Presentation Title

Beliefs About Gender Differences in Language Bias Judgments of Male-Female Conversation

Project Type

Event

Abstract

Participants listened to a conversation between a man and a woman in which the two speakers spoke the same number of words and the same length of time. The speech content was counterbalanced across gender. Participants were asked to judge the percentage of time the male and the female speaker spoke during the conversation. Prior to the conversation, participants' own beliefs regarding the general talkativeness of women compared to men were assessed. Using a multilevel model predicting judgments of the percentage of time each speaker talked from speaker gender, participant gender, beliefs about general talkativeness of men and women, and all interactions revealed that the more participants believed women talk more than men, the more they thought the woman in the conversation they listened to had talked. This research suggests that our interpretation of language can be biased by our prior beliefs, and further hints that the belief that women talk more than men may be reinforced by the biased interpretation of the conversations we hear.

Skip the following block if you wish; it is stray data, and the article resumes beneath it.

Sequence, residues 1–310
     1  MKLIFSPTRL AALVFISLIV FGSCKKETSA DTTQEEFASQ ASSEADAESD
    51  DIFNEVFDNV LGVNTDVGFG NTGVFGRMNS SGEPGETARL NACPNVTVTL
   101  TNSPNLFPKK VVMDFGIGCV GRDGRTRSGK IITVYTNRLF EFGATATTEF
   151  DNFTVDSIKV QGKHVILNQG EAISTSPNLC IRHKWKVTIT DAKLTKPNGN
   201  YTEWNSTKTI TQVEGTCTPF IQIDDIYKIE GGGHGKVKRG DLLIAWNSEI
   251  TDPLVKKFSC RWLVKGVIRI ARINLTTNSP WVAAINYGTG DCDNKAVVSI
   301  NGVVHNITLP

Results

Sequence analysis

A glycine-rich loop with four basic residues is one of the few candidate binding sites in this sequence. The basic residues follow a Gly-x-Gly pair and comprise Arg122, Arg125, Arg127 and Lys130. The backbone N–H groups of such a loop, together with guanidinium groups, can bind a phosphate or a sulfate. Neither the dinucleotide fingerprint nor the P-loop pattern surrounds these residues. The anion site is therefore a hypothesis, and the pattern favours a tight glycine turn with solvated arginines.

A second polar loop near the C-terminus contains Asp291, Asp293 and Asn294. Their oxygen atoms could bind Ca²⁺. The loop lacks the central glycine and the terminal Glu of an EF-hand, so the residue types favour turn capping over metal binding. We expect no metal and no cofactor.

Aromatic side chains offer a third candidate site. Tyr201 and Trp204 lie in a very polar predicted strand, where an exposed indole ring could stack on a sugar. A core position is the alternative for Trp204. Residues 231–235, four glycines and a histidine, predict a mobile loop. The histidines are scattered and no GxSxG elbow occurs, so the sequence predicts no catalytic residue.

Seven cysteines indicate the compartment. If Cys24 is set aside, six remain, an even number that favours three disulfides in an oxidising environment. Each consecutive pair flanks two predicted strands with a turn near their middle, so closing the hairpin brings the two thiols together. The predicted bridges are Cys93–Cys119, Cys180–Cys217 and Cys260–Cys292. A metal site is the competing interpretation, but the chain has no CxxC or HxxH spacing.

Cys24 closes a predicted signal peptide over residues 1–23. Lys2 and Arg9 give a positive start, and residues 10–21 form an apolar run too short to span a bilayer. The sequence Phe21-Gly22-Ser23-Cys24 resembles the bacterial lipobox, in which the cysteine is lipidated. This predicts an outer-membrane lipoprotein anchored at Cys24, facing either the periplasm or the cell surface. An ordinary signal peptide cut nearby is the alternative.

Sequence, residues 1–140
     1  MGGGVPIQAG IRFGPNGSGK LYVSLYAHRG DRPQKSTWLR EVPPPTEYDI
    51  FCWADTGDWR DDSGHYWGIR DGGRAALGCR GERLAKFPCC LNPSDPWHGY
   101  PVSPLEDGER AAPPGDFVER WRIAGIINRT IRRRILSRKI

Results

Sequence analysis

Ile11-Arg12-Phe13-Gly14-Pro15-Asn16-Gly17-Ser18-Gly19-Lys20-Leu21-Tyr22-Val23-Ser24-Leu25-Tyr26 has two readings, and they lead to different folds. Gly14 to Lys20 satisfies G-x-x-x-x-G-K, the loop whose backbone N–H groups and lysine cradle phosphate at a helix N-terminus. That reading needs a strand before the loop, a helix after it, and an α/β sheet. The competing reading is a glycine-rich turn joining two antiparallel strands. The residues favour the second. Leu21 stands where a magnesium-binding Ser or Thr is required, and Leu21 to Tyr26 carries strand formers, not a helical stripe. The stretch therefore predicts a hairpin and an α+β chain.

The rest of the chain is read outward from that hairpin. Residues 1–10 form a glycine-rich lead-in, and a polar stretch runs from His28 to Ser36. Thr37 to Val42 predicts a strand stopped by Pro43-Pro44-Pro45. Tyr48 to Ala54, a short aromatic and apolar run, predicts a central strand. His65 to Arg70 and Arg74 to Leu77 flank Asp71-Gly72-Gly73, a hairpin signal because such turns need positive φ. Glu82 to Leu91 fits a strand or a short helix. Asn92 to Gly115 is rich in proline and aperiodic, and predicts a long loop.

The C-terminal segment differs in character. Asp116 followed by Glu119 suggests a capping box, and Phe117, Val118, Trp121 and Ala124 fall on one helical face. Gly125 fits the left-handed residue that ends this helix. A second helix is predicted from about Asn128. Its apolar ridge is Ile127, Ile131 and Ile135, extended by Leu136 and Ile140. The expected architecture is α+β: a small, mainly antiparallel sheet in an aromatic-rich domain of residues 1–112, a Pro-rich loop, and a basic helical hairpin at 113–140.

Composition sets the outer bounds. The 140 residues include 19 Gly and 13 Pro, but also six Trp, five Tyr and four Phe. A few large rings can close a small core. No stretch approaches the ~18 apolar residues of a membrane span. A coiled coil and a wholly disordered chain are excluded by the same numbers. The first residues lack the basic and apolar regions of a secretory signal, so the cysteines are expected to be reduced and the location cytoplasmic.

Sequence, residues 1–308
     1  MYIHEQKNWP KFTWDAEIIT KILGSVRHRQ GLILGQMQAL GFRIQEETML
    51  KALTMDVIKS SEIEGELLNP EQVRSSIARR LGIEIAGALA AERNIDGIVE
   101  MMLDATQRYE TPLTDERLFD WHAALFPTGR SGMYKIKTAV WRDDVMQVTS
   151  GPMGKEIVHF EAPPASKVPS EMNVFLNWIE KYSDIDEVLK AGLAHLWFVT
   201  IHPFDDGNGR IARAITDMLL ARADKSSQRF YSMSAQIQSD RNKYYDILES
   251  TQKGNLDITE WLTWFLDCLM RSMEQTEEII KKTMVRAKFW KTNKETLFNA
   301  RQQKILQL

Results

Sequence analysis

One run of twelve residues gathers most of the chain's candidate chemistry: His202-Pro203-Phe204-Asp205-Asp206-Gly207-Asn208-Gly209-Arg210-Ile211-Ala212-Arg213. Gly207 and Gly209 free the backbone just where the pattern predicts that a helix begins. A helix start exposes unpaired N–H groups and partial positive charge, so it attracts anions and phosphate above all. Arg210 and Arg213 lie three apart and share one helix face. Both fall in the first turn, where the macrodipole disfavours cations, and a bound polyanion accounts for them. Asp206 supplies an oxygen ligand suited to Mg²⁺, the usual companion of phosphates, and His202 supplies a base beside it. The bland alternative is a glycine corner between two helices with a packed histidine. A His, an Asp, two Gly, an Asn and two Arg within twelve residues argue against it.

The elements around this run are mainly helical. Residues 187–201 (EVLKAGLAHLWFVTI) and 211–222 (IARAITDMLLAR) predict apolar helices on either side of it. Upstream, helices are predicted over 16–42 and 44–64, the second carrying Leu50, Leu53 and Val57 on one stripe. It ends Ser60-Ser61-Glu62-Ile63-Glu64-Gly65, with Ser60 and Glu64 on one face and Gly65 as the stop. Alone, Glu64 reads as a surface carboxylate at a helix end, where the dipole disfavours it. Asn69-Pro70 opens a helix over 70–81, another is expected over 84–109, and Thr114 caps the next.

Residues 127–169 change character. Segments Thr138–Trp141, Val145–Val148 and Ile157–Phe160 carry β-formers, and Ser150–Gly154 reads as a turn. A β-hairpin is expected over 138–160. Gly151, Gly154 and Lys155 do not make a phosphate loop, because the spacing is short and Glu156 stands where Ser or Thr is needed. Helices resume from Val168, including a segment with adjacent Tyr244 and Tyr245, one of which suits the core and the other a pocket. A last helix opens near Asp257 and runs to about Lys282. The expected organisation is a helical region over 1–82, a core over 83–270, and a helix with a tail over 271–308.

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Apr 18th, 7:55 PM

Beliefs About Gender Differences in Language Bias Judgments of Male-Female Conversation

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Participants listened to a conversation between a man and a woman in which the two speakers spoke the same number of words and the same length of time. The speech content was counterbalanced across gender. Participants were asked to judge the percentage of time the male and the female speaker spoke during the conversation. Prior to the conversation, participants' own beliefs regarding the general talkativeness of women compared to men were assessed. Using a multilevel model predicting judgments of the percentage of time each speaker talked from speaker gender, participant gender, beliefs about general talkativeness of men and women, and all interactions revealed that the more participants believed women talk more than men, the more they thought the woman in the conversation they listened to had talked. This research suggests that our interpretation of language can be biased by our prior beliefs, and further hints that the belief that women talk more than men may be reinforced by the biased interpretation of the conversations we hear.